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on under the surface.” MS is a big block in the road that can’t be moved, Howey said, but it’s important not to let it become your whole life. “You have to lift your eyes to the skyline and look beyond that,” he said. “MS is a disease. People are a miracle. You can’t let it define you.” Howey and his wife, Dwina, have four children. He had to give up teaching, but he hasn’t lost his passion for music and he’s writing a dissertation for a doctorate degree through the University of Idaho. MS has made writing a slow and difficult process. “Cognitive fog is very frustrating,” he said. “It’s one thing for your body to stop working like it should, but when your mind doesn’t work like it used to, it can be demoralizing.” Still, Howey said he doesn’t like to comLewiston Tribune/Steve Hanks Gayle Thompson of Lewiston. plain about his lot in life and tries to focus on the good things. “Since I don’t work now, I can dedicate my time to staying in cure the disease, but they do help decrease MS can wipe a person out with fatigue, the best condition I can and taking my weakness and pain. progression.” meds,” he said. “I am so grateful for that.” Howey exercises, lifting weights at the Cooke has been treating people with MS He’s also thankful for the help he gets at for 36 years. His general recommendations gym, and watches what he eats, focusing on home. “Family means everything,” Howey foods that are low in saturated fat. include eating a balanced diet, exercising, “Sometimes our staying at a normal weight and no smoking. “You have to lift your eyes to the said. “They’re your “Pacing is important,” Cooke said. “You whole goal in life skyline and look beyond that. MS is support group. My have to know your limits and not overdo is to look normal,” a disease. People are a miracle. You wife is amazing and very supportive. You he said of MS. “On it. It’s important to be physically active can’t let it define you.” can’t do this without the inside, you’re and stay socially engaged. Stay hydrated Brad Howey, 45 someone.” doing back flips, and cool. I almost universally recommend of Lewiston His advice for wondering if you’re people around here take vitamin D-3, at people who are newly diagnosed is to do as going to get to the bathroom on time or least 2,000 units per day.” much as you can, while you can. Both Howey and Thompson say they’ve fall. We tend to judge people by how they “If you can walk, you better walk the hell had to learn how to balance their lives and look. What you see isn’t always the whole out of walking,” Howey said. “It’s important not push it on their good days. Otherwise, picture. With MS, there’s a lot more going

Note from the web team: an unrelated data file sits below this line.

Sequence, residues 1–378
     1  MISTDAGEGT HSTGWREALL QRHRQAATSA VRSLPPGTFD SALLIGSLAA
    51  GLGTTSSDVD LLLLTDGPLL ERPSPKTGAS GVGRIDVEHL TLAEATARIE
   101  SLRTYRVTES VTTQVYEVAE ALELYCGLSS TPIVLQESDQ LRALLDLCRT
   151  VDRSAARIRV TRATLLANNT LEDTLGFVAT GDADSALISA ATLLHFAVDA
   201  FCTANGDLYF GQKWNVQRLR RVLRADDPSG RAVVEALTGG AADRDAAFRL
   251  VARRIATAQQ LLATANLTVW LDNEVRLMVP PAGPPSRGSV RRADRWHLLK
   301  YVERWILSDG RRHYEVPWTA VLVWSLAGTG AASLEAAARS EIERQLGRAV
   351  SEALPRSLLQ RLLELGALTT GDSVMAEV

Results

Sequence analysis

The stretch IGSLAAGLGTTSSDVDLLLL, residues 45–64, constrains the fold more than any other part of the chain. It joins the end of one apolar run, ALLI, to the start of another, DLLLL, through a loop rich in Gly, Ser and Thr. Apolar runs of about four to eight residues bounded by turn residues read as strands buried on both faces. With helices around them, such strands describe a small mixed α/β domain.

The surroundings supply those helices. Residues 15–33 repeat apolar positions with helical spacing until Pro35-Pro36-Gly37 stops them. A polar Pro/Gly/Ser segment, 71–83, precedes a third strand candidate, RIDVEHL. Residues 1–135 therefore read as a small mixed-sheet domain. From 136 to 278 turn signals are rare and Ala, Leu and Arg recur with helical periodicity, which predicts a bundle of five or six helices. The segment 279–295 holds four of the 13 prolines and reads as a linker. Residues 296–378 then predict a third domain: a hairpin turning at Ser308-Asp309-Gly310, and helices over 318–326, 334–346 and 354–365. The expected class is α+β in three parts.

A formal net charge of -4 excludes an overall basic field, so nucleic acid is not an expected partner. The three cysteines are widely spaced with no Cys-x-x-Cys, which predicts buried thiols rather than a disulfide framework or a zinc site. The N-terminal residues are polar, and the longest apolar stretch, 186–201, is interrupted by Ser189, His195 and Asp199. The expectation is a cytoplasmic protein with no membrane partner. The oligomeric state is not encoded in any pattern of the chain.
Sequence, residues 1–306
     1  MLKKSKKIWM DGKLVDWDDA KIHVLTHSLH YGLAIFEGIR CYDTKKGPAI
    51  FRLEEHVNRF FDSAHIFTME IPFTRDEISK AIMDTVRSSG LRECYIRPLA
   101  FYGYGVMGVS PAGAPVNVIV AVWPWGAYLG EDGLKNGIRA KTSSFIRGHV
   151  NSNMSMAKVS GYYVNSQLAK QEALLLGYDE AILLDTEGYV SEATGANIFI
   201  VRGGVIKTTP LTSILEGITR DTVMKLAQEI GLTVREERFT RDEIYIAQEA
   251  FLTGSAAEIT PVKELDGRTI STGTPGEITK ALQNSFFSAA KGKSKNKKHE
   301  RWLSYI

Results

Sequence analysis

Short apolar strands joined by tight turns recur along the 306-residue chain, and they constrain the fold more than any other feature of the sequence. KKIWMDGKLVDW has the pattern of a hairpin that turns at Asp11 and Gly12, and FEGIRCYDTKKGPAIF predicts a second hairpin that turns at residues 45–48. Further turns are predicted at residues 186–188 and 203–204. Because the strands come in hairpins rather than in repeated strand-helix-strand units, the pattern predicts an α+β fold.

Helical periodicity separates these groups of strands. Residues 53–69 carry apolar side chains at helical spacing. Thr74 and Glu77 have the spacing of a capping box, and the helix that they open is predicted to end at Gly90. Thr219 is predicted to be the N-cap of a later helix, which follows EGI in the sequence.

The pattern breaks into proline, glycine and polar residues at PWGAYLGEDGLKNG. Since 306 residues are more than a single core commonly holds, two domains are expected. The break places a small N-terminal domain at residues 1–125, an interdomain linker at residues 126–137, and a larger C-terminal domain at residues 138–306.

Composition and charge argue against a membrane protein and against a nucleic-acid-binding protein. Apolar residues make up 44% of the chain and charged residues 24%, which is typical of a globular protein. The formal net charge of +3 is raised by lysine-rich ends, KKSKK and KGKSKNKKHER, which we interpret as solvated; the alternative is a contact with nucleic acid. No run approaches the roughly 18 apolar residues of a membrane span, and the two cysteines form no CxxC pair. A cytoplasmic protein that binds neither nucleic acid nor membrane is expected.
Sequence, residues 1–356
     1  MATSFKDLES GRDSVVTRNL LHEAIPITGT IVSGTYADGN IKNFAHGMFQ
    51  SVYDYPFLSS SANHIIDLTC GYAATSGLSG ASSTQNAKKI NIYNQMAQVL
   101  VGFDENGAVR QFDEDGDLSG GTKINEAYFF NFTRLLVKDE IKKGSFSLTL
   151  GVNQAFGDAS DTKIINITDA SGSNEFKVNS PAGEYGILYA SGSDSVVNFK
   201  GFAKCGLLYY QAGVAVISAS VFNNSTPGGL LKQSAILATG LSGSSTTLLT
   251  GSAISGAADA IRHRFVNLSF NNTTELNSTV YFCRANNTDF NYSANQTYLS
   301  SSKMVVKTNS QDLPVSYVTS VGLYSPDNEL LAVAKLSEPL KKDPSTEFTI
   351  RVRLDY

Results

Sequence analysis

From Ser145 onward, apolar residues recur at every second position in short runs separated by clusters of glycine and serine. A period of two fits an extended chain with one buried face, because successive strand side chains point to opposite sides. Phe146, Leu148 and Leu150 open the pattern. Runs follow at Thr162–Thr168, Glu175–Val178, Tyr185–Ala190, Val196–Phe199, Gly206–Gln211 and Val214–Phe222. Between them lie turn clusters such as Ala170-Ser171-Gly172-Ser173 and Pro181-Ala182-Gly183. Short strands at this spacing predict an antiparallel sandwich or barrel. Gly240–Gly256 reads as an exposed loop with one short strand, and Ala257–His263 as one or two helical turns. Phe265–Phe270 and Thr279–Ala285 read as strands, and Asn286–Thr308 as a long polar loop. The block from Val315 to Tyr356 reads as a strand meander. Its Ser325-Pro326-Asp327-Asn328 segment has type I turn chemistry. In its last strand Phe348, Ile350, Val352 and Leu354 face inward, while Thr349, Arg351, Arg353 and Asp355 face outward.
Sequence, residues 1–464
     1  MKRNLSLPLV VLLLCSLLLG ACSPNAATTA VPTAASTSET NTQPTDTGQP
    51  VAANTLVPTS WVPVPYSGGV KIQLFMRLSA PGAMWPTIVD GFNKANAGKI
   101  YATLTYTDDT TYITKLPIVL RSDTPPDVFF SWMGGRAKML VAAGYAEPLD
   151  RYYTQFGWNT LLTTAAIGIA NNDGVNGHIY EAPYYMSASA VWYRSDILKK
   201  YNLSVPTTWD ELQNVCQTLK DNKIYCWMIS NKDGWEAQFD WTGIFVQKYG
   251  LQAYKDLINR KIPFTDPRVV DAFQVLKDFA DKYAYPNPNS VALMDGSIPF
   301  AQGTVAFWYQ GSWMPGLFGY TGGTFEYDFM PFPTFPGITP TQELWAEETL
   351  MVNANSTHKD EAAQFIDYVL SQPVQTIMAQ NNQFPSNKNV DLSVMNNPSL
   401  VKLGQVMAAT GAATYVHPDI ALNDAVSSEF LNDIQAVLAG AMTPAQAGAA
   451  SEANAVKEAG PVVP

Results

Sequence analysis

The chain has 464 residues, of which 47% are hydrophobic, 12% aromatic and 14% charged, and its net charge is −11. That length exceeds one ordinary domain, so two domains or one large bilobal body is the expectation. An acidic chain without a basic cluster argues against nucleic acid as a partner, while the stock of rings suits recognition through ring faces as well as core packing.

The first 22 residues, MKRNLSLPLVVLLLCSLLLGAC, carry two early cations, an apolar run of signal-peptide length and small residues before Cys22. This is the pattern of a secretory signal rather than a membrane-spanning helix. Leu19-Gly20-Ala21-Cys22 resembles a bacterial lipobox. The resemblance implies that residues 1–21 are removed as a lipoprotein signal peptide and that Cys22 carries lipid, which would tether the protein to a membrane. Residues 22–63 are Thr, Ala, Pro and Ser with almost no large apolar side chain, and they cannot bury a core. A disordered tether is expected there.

Multiple sclerosis is classified into four types, characterized by the disease’s progression: z Relapsing-remitting MS — RRMS is characterized by relapse (attacks of symptom flare-ups) followed by remission (periods of recovery). Symptoms may vary from mild to severe, and relapses and remissions may last for days or months. More than 80 percent of people who have MS begin with relapsing-remitting cycles. z Secondary-progressive MS — SPMS often develops in people who have relapsing-remitting MS. In SPMS, relapses and partial recoveries occur, but the disability doesn’t fade away between cycles. Instead, it progressively worsens until a steady progression of disability replaces the cycles of attacks.

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z Primary-progressive MS — PPMS progresses slowly and steadily from its onset. There are no periods of remission and symptoms generally do not decrease in intensity. About 15 percent of people who have MS have PPMS. z Progressive-relapsing MS — In this relatively rare type of MS, people experience both steadily worsening symptoms and attacks during periods of remission. Source: Mayo Clinic, www.mayoclinic.org/multiple-sclerosis/types.html